Terms for the Plugged-In

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I’ve been working on the Internet since 1999 — a relative Stone Age, for some. Times — and vocabulary — was so much simpler. At the 2012 Seattle Interactive Conference, I’m learning that the language of the Plugged-In has expanded considerably. To navigate the digital landscape, you now have to be familiar with the following concepts. Feel free to comment or message me with additions; I don’t pretend this is a comprehensive list.

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Sucked into an Epic Downfall

Lance Armstrong: Stripped

This post originally appeared at SeattleWeekly.com. It also was referenced at JimRomenesko.com, the popular and influential media blog.

At least Lance Armstrong has his health. He kicked cancer’s ass, but there otherwise isn’t much silver in the lining through which so many others are being sucked. As Armstrong is stripped of his seven Tour de France titles after losing lucrative sponsorships and even his perch atop LIVESTRONG, I wonder what you tell the kids who defied the Charles Barkley maxim (“I’m not a role model”) and adopted an utterly human, and therefore unfailingly imperfect, sports figure as a hero. Because I’m a sportswriter, I’m mainly pondering one of the best of us, Sally Jenkins, whose role in diversifying one of the last of the holy male sanctums – the locker room – qualifies her for pioneer status.

Jenkins is a sports columnist for the Washington Post who has written for Sports Illustrated, been nominated for a Pulitzer Prize, and occupied the No. 1 spot on the New York Times best seller list. She also closely hitched her star to Armstrong’s by penning with him two books, “Every Second Counts” and “Not About the Bike.” I wonder if she consequently will—and should—be sucked into the draft of Armstrong’s nosedive. Because of Jenkins, we knew more about Armstrong than most athletes of his stature. Readers gained this perspective because Jenkins made a deal as old as her craft: access in exchange for a blind eye, either permanent or occasional.

This isn’t to claim that Jenkins knew the truth about Armstrong’s alleged doping activities. But, at the very least, she was in a position to view flags which were red as the blood Armstrong was supposed to be altering. Was Jenkins therefore obligated to employ more skepticism while sketching such overwhelmingly flattering pictures of Armstrong?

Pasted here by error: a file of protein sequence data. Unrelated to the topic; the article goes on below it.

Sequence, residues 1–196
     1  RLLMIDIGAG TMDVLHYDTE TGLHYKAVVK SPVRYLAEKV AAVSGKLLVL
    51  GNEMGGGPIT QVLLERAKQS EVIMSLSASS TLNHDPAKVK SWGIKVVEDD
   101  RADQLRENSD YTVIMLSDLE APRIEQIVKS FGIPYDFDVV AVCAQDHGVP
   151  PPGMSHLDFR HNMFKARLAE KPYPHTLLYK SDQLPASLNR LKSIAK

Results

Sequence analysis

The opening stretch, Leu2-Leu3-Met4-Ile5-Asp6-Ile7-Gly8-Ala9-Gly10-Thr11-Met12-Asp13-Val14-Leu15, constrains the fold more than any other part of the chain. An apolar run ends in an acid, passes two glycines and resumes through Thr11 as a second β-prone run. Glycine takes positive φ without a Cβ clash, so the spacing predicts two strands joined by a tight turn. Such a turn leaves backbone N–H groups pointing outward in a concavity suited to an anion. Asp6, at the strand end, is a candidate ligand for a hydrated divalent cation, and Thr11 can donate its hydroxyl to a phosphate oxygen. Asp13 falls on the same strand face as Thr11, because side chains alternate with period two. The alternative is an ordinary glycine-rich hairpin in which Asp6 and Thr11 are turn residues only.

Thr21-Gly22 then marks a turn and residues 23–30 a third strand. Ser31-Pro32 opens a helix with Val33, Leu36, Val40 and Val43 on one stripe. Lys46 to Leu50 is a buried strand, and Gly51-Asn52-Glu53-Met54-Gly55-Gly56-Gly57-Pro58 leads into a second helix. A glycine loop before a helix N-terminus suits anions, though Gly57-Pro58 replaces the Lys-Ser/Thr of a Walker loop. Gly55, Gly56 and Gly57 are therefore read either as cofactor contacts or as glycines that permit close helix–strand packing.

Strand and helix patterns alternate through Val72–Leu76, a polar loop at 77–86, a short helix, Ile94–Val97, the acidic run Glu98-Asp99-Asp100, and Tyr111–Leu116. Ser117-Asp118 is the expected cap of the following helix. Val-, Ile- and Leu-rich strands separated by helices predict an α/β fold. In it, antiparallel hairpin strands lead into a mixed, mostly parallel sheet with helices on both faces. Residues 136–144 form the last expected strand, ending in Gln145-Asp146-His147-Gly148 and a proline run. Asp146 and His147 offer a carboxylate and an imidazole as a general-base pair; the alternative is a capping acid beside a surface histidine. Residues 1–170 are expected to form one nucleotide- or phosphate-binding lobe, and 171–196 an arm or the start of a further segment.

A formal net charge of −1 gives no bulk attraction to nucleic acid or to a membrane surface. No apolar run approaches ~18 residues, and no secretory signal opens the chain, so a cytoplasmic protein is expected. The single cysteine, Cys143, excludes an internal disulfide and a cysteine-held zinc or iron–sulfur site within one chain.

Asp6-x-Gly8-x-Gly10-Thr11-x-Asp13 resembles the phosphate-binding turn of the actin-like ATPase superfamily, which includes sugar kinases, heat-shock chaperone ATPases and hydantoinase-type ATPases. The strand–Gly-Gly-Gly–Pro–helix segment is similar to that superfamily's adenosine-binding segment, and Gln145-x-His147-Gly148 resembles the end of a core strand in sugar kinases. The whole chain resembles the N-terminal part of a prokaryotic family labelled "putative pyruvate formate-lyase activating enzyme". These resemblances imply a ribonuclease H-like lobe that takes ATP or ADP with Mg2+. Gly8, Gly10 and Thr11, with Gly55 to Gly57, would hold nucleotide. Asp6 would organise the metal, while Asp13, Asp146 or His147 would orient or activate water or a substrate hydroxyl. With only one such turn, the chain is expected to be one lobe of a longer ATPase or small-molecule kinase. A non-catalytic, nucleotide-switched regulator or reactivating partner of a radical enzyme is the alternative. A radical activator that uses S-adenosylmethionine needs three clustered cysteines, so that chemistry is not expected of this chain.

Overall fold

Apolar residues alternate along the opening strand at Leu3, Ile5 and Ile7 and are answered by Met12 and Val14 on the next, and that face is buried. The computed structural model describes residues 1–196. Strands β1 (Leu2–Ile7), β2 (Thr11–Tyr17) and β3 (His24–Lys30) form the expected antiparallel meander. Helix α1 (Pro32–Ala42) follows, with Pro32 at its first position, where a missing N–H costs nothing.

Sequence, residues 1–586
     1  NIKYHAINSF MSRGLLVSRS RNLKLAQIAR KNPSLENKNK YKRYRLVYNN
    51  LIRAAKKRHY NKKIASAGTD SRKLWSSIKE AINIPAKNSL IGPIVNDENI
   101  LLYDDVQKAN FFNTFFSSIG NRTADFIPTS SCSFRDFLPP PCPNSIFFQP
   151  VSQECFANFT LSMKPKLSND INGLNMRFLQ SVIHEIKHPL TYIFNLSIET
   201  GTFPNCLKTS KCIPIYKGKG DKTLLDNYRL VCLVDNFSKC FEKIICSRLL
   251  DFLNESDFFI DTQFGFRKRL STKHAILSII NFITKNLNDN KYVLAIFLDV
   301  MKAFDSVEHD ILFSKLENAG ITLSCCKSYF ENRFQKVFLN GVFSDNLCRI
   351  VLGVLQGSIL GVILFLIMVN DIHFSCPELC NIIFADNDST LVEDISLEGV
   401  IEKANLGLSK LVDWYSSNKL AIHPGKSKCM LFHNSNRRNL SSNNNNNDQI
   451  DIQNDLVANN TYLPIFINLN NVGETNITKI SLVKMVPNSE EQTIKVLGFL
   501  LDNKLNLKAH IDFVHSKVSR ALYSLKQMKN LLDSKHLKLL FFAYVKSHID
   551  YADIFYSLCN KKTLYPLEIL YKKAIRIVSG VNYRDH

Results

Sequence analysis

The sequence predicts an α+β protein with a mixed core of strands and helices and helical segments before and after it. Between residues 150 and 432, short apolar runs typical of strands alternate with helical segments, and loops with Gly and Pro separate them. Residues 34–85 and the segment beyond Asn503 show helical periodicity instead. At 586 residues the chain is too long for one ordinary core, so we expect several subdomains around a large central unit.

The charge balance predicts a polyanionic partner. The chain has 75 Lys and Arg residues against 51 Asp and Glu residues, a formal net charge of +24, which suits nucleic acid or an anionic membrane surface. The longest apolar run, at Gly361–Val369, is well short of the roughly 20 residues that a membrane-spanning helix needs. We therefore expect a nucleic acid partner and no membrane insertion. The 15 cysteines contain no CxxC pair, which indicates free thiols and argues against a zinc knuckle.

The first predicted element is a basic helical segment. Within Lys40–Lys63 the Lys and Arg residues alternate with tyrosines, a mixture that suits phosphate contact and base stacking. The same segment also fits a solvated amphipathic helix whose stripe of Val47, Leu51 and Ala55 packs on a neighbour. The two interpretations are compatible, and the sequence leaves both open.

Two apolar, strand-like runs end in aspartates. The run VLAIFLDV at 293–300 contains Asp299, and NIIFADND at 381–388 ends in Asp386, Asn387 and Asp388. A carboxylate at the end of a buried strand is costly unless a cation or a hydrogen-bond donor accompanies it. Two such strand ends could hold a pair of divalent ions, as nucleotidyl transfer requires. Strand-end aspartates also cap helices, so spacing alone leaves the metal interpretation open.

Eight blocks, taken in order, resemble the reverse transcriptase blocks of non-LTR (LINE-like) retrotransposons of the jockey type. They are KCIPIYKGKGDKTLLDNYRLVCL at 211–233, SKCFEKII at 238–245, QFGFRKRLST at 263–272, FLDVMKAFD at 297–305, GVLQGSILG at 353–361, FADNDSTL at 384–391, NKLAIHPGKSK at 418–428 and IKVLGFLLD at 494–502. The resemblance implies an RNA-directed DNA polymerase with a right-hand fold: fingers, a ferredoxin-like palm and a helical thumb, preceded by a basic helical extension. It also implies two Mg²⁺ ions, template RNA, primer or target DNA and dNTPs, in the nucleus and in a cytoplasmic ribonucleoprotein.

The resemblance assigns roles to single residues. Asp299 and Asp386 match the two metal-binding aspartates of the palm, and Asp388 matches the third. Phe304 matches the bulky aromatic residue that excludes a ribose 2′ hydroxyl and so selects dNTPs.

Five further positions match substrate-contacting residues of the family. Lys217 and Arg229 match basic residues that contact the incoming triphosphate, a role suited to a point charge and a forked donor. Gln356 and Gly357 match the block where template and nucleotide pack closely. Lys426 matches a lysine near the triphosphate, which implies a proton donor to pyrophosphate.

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A Campaign Against Credibility

The Times does – cross a line

It used to chafe at me when the newspaper for which I worked ran advertisements (known as “house ads” because the paper itself “paid” for them) exhorting or applauding any local sports team. I covered all of them at one time or another and believed that even the appearance of my employer cheerleading for any of them undermined my credibility as an impartial reporter. The worst thing you could call a sportswriter back in those days was a “homer,” though many of our readers expected us to be exactly that and objected whenever we wrote anything critical about the home team.

Politics is the one arena in life where the levels of passion and partisanship rival those found in sports. And in that arena, my former employer, The Seattle Times, recently tripped the way it routinely stubbed its toe, at least in my view, in sports.

With a full-page ad in support of Republican gubernatorial candidate Rob McKenna in its Wednesday editions, The Times launched its “Seattle Times Initiative for Political Newspaper Advertising.” By allocating approximately $75,000 in support of McKenna and a similar sum to the campaign to approve same-sex marriage, the newspaper hopes to “prove” the efficacy of political advertising.
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Russell Wilson as the ‘black Doug Flutie’

Is praise of Russell Wilson pointing to a form of reverse-racial profiling?
(photo by Seahawks.com)

People of color generally take a rooting interest when other people of color reach a grand stage and strive for greatness. My heart was aflutter and my eyes dewy when Barack Obama gave us a Yes-We-Can moment, becoming the first black American to be elected President of the United States. Similarly, I’ve been captivated by the rapid, stereotype- and obstacle-bashing rise of Russell Wilson, a young black athlete, from third-round NFL draft pick to starting quarterback of the Seattle Seahawks.

However, though I have cheered every positive-modeling tale weaved about Wilson’s approach in Seattle, I have had grave doubts from the beginning about the wisdom of elevating a rookie to the sport’s most critical position on a team that otherwise seems poised for a major breakthrough. I am a longtime chronicler of sports, after all, as well as someone with more than casual interest in the Seahawks. I can’t help but also view Wilson’s story through those filters as well.

You wouldn’t name an intern as your CEO the week before your company’s IPO, would you?
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